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Infrared film is sensitive to infrared light and will result in photos which look different from what our eyes see. Often, trees and foliage will appear white, whilst skies will be black. It's a unique effect and produces some very cool looking photos! You can get Infrared 35mm and Infrared 120 film.
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The type of film used in Instant Cameras. Instant film is discharged from the camera after the photo has been taken and develops by itself in front of your eyes - A clever kind of film indeed!
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Like a lot of things in life, film has an expiry date. Traditionally this is the date when people stop using the film but Lomographers have found that expired film can produce some really interesting results. Sometimes shots will be vague and ghostlike; other times, you'll get crazy color shifts. The best thing about expired film is you never know what results you'll get!
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Black and White
Fancy giving your shot that super vintage, classic look? Then why not go for black and white film! Black and White is also a great choice for playing with different contrasts and light conditions. Black and White film is usually developed in different chemicals to color films so it's a good idea to check with your friendly lab technician first!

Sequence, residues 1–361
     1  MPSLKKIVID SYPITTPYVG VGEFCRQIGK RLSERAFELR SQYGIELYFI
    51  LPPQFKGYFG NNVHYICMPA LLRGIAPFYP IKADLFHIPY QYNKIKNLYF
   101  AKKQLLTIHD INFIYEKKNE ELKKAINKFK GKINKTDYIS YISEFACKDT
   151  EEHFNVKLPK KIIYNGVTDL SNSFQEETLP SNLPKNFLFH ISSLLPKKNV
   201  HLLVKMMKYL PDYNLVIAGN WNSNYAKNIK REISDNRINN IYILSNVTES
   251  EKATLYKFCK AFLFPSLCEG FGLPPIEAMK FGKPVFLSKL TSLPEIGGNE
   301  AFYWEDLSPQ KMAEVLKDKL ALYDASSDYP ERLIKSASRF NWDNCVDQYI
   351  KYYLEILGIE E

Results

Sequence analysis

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The redscale technique was one whereby crazy photographers would reload their film backwards and shoot through the semi-transparent layer on the back. Normally, this would have been done by winding the film upside-down into an empty film canister. The result was often gorgeous splashes of fiery reds, oranges and yellows! Channelling this creative spirit, we have now released a range of different redscale films with the film already loaded backwards. All you have to do is shoot and start getting creative!
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The word 'aperture' refers to the size of the hole that allows light into the camera. Simply put, a big aperture means a lot of light will be able to enter the camera when you take a photo; a small aperture will mean less light will be able to enter the camera. A lot of cameras allow you to adjust the aperture but some have a fixed aperture.